• A61M2230/005Parameter used as control input for the apparatus
    • AHUMAN NECESSITIES
    • A61MEDICAL OR VETERINARY SCIENCE; HYGIENE
    • A61MDEVICES FOR INTRODUCING MEDIA INTO, OR ONTO, THE BODY; DEVICES FOR TRANSDUCING BODY MEDIA OR FOR TAKING MEDIA FROM THE BODY; DEVICES FOR PRODUCING OR ENDING SLEEP OR STUPOR
    • A61M2230/00Measuring parameters of the user
    • A61M2230/04Heartbeat characteristics, e.g. ECG, blood pressure modulation
    • A61M2230/06Heartbeat rate only
    • AHUMAN NECESSITIES
    • A61MEDICAL OR VETERINARY SCIENCE; HYGIENE
    • A61MDEVICES FOR INTRODUCING MEDIA INTO, OR ONTO, THE BODY; DEVICES FOR TRANSDUCING BODY MEDIA OR FOR TAKING MEDIA FROM THE BODY; DEVICES FOR PRODUCING OR ENDING SLEEP OR STUPOR
    • A61M2230/00Measuring parameters of the user
    • A61M2230/20Blood composition characteristics
    • AHUMAN NECESSITIES
    • A61MEDICAL OR VETERINARY SCIENCE; HYGIENE
    • A61MDEVICES FOR INTRODUCING MEDIA INTO, OR ONTO, THE BODY; DEVICES FOR TRANSDUCING BODY MEDIA OR FOR TAKING MEDIA FROM THE BODY; DEVICES FOR PRODUCING OR ENDING SLEEP OR STUPOR
    • A61M2230/00Measuring parameters of the user
    • A61M2230/30Blood pressure

Abstract

A system for maintaining permissive hypotension in a patient includes monitoring of blood perfusion and pressure, combining blood perfusion and pressure data to determine systolic blood pressure, monitoring for detection of systolic blood pressure below a critical threshold value, and providing an alert to perfusion options to maintain permissive hypotension. The system may be adapted to adjust the critical threshold value for systolic blood pressure as treatment progresses.

Description

    CROSS-REFERENCE TO RELATED APPLICATIONS
  • This application claims the benefit of the filing date of U.S. Provisional Patent Application No. 62/021,957, filed Jul. 8, 2014. U.S. Provisional Patent Application No. 62/021,957 is hereby incorporated by reference.
  • FIELD OF THE DISCLOSURE
  • This disclosure relates generally to monitoring blood pressure of a mammal, such as a human, and more specifically, to a system for continuously monitoring systolic blood pressure of a mammal, e.g. a human, in a non-invasive manner, and utilizing collected data to advise a clinician on measures necessary to safely maintain permissive hypotension.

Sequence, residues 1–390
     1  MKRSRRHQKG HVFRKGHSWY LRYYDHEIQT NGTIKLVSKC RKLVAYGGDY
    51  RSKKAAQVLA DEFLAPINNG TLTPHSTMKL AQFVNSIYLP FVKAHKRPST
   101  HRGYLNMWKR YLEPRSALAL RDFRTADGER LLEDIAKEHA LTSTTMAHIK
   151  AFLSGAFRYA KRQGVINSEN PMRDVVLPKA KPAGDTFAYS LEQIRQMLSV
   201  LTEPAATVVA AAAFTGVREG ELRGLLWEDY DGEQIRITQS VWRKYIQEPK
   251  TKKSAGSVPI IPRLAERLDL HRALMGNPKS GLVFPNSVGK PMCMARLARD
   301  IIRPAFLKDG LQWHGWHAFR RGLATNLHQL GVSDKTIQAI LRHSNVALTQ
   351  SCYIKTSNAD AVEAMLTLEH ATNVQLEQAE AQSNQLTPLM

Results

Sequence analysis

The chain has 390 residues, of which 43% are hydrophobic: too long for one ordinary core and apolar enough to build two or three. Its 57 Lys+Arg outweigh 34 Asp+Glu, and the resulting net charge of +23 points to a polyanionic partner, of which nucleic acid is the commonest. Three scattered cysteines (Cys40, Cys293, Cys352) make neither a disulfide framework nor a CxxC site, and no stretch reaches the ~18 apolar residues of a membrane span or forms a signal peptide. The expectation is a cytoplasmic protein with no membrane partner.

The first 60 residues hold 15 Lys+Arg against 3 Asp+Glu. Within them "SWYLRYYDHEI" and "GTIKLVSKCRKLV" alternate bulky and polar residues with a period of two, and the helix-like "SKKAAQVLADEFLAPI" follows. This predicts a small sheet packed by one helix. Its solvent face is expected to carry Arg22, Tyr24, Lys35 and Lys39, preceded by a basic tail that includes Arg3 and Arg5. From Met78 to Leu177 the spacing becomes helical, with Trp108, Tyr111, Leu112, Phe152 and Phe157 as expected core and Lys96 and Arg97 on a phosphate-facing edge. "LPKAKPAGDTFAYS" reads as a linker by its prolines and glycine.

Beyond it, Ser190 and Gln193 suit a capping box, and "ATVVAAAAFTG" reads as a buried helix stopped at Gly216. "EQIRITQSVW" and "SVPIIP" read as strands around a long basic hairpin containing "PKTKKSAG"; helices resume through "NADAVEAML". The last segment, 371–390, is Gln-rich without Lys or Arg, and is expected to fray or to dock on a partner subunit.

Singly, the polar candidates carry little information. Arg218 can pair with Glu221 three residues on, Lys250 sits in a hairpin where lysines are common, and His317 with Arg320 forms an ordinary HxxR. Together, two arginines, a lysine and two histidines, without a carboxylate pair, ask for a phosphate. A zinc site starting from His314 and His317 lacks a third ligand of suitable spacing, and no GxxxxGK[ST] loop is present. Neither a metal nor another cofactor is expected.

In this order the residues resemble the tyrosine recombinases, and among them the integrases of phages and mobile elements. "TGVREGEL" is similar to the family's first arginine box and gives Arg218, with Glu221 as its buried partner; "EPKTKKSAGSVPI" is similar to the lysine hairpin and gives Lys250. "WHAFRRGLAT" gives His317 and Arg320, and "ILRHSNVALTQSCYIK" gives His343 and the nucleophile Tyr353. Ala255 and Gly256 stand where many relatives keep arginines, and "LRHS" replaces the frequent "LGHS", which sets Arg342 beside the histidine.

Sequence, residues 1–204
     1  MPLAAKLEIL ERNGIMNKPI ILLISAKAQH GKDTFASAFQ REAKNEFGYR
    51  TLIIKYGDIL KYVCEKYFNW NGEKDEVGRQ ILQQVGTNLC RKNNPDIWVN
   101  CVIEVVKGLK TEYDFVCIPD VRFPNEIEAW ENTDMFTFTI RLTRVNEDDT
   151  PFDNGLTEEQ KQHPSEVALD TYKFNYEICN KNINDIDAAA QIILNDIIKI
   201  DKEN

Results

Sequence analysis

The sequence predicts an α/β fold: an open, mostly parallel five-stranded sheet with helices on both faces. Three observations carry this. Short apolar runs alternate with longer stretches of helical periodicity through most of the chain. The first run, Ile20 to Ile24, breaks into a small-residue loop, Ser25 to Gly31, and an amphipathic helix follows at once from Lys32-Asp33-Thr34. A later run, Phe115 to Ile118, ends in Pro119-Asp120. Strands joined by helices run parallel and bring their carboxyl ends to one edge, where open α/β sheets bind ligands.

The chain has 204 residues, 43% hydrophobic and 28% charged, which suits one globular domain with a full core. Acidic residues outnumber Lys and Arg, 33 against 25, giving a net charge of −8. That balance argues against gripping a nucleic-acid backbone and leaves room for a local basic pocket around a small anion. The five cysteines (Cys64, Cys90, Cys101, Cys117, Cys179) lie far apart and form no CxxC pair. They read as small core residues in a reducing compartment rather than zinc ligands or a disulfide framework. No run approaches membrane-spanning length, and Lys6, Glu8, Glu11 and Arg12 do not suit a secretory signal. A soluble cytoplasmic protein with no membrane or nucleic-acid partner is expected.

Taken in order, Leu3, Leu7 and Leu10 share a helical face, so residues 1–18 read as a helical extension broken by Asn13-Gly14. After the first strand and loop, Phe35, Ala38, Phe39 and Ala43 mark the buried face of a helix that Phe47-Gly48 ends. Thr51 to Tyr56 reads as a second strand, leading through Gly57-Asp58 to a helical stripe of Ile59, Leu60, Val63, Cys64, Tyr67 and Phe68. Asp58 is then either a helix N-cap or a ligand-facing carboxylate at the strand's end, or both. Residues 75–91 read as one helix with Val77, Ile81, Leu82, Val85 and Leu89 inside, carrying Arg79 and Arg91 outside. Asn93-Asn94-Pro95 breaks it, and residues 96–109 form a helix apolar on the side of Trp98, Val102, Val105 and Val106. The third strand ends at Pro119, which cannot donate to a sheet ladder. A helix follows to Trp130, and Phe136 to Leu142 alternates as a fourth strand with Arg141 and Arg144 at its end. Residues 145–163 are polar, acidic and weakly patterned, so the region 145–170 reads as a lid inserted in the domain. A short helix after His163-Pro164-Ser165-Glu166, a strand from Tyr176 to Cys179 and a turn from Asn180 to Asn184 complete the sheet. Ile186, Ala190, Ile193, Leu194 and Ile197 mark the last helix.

• BACKGROUND
  • Bleeding (hemorrhage) causes 30-50% of all trauma-associated deaths. Permissive hypotension or hypotensive resuscitation in pre-hospital and critical care environments helps prevent re-bleeding from severe injuries. Restoration of blood pressure after trauma or uncontrolled hemorrhage can actually be detrimental by causing more bleeding. Maintenance of low but critical level of systolic blood pressure can reduce bleeding and help preserve a minimal level of tissue perfusion. A minimum level of systolic blood pressure (70-90 mmHg) is needed to maintain a critical level of coronary and cerebral perfusion pressure to prevent cardiovascular or cerebral collapse. When brain injury is present, minimum values may need to be higher. In order to safely practice permissive hypotension, continuous non-invasive blood pressure monitoring is essential in maintaining permissive hypotension, but is challenging in the pre-hospital setting. Invasive blood pressure monitoring while allowing for continuous monitoring is not practical. It is also associated with risk such as infection. Even in the hospital setting, invasive monitoring is not always practical.
  • Photoplethsmography (PPG) (pulse oximetry) provides a noninvasive measure of arterial hemoglobin oxygen saturation. The technology relies on pulsatile flow to the finger or other part of an extremity. Very little pulsatile flow is required to produce this reading. Other technologies such as passive piezoelectric sensors are capable of picking up pulsatile flow as well but as opposed to the PPG which senses flow, piezoelectric sensors measure the mechanical expansion and contraction of the arterial vessel wall in response to pulsatile flow. Applanation tonometry, Doppler signal, bioimpedence sensor, or light spectroscopy are suitable alternatives for pulsatile or piezoelectric sensors. This invention uses a cuff or other pressure-producing device to make a measurement necessary to provide health care provider scheduled knowledge of both the current systolic pressure as well as when systolic blood pressure has been reduced to a critical threshold. The invention can be used in conjunction with other devices to create a closed loop feedback system to maintain critical blood pressure and other perfusion values. The PPG, piezoelectric sensors, applanation tonometry, Doppler signal, or light spectroscopy sensors may be disposed either distal to the cuff or other pressure producing component, under the pressure producing component, or both distal and under the pressure producing component.